ABC’s recent Four Corners expose payday loans has provided disturbing glimpses of a world that many people are unfamiliar with. Sadly, portraying the story as that of sharks preying on the hapless does not take the financial problems faced by people on low or insecure incomes seriously enough, nor how they can be solved.
Why do over a million Australians take, on average, three to four small loans (typically A $ 100-400) each year? Why have they only been doing this since the early 1990s?
Low-income Australians are in good company with their counterparts in the United States, United Kingdom, Canada and New Zealand. All of these countries have thriving payday industries with remarkably similar proportions of people borrowing comparable amounts of money.
In Research 2012 We found that most of the reasons people typically borrow $ 50 to $ 300 for a fortnight were to buy food or basic necessities for their children and pay for cell phones, utilities and rent. Almost eight in ten respondents received a Centrelink payment. Very few people thought the industry should be shut down because they had no other way to get a small loan. Credit cards weren’t a viable option, as a woman with three young boys said:
“If you’ve got a credit card you’re still going to use it, you know. For example, if we run out of money and have to go shopping, if we have $ 100 in my purse, that’s what we’re going to spend. But if we have a credit card, it’s like an infinity bucket.
For many people, credit cards are viewed as far too dangerous a product. Borrowing money from a payday lender makes more sense because it has a fixed price (borrowing $ 100 for less than a month will cost you $ 24) and a fixed repayment term. Rather than viewing payday loan consumers as gullible, brain-damaged, or drug-affected (although a minority is), our research found low-income people to be savvy and savvy budgetists in finding money. ways to make ends meet.
The report’s finding that most people are caught in an expensive cycle of repeated borrowing has led media and consumer advocates to call for more regulation and even shutdown of the industry. A financial advisor interviewed for the study summed up what’s wrong with this argument:
“It’s very easy for a bunch of middle class advocates, financial advisers, whatever, to say this shouldn’t be happening – but walk a mile in the shoes of people who have no other access. . I think our whole premise should be that Centrelink payments are insufficient for people to live with dignity in this community. “
People with lower than average incomes have to resort to small loans for a number of reasons. First, accompanying the deregulation of financial markets in the 1980s, there was a general transfer of risks and costs that accompany disadvantages from the state to households and businesses. As a result, there has been a decline in the social wage – the public provision of health, education and social protection. Second, there has been an increase in inequalities and precarious work. Third, there are no other viable options. The interest free loan program featured in the Four Corners program does not provide cash for day to day living – the main reason people turn to payday lenders.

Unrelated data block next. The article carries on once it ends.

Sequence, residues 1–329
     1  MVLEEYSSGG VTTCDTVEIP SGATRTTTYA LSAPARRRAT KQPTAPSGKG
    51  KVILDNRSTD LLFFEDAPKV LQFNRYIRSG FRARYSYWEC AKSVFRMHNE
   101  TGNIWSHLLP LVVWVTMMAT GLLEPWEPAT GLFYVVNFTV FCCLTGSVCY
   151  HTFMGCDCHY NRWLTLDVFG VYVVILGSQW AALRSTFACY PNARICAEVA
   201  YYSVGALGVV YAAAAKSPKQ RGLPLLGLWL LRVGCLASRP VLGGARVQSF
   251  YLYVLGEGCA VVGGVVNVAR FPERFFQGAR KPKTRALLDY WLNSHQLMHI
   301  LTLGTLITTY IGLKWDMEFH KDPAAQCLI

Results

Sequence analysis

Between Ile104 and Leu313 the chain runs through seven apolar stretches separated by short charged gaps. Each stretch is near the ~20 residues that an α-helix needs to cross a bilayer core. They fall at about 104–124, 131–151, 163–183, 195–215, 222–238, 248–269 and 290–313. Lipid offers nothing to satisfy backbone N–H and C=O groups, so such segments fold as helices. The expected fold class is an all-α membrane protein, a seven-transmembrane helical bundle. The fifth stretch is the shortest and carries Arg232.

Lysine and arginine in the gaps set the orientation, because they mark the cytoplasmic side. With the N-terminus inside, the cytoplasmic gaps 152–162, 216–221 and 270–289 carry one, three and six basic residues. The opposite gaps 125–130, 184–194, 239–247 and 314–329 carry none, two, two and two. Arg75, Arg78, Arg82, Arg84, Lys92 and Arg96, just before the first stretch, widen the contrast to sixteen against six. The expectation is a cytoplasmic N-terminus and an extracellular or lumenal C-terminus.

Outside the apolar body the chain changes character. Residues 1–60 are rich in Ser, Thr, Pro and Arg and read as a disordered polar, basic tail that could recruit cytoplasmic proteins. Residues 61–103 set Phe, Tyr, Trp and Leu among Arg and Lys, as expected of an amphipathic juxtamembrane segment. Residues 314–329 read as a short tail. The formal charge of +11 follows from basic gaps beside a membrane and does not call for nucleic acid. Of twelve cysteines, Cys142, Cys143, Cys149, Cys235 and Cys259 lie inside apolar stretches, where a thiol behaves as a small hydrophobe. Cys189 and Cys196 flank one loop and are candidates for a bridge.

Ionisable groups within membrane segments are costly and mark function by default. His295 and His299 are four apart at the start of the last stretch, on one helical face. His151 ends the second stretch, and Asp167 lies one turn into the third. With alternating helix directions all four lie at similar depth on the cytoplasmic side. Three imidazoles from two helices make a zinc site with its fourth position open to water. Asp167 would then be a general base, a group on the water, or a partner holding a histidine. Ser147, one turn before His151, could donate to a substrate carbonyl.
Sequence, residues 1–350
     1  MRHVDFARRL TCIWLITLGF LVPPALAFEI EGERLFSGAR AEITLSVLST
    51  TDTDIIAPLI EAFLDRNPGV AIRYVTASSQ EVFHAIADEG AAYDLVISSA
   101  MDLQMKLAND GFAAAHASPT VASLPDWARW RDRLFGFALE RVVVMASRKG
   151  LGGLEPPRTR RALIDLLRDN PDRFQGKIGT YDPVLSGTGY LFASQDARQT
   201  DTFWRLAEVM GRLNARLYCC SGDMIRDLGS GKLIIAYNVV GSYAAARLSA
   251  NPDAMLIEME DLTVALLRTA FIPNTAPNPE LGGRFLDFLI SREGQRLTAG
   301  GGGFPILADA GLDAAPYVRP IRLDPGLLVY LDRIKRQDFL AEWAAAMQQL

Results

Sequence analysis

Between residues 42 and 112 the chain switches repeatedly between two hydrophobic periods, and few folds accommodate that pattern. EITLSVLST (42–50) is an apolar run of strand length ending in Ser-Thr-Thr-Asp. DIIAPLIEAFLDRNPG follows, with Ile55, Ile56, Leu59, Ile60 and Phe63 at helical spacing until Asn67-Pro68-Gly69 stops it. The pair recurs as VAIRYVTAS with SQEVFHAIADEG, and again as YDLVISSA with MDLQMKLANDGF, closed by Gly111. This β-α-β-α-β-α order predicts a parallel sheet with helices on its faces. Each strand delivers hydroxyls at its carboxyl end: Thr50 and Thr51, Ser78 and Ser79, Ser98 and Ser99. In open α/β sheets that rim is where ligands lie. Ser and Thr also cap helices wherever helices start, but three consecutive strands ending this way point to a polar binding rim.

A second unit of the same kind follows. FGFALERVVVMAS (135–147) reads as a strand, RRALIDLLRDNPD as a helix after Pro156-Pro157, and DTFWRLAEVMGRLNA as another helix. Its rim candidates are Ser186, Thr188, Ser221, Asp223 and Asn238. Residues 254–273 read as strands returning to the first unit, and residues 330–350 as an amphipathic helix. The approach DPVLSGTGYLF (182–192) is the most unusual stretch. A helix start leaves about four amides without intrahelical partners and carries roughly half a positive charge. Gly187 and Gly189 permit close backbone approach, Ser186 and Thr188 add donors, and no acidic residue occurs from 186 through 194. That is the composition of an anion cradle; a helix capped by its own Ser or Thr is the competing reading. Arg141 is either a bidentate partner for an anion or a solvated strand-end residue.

This is the reason why commercial payday loans have only been around for 25 years. Today, there are more payday storefronts in the United States than Starbucks and McDonalds combined. This new sector is only part of what Gary Rivlin called the poverty industry – which includes appliance rental stores and other consumer leasing deals, low doc used car finance, pawn shops and dollar stores.
that of Susan Soederberg The recent book “Debtfare States and the Poverty Industry” describes how the poverty industry in the United States flourished as social benefits declined, student loans forced themselves into daily life, and Inequalities are intensifying and job insecurity is becoming the new normal.
It is a knee-jerk reaction on the part of the media and consumer advocates to portray small loans simply as a market problem that can be addressed through tighter regulation and lower fees. The short answer is no, it won’t. Being poor is expensive, and the higher risks associated with lending to low-income people mean that any tighter regulation will tear down this now established market and send it underground. Second, ignoring the broader societal issues that push casual workers and low wages to online lenders and welfare recipients to street lenders leaves the status quo unchallenged.
People who turn to payday loans are portrayed in the media as passive, easygoing, and financially illiterate prey. However, like our Caught short report and other studies suggest that a person taking a small loan often makes a very rational choice to manage their credit and debt in small amounts over short periods of time rather than putting themselves at increased risk of being overwhelmed by skyrocketing credit card debt.
Narrowly defining a financial symptom of today’s society – payday loans – as an issue that can be solved by tighter regulation allows the Australian government to get away with it, erasing the real financial hardships of people with low income. income and not come up with any viable strategy to resolve their financial crises.
Those who want to make a difference should devote their energies to supporting campaigns to increase social wages and access to stable and well-paid jobs. Defending the minimum wage and social services fits this bill, as do the popular initiatives to stop Work for the Dole, which has proven to be ineffective to keep people away from welfare. Both offer more viable ways of reducing the huge and growing demand for poverty industry financial products such as payday loans.
Note: The disclosure statement for this article has been updated to include disclosures that were not originally made by the author.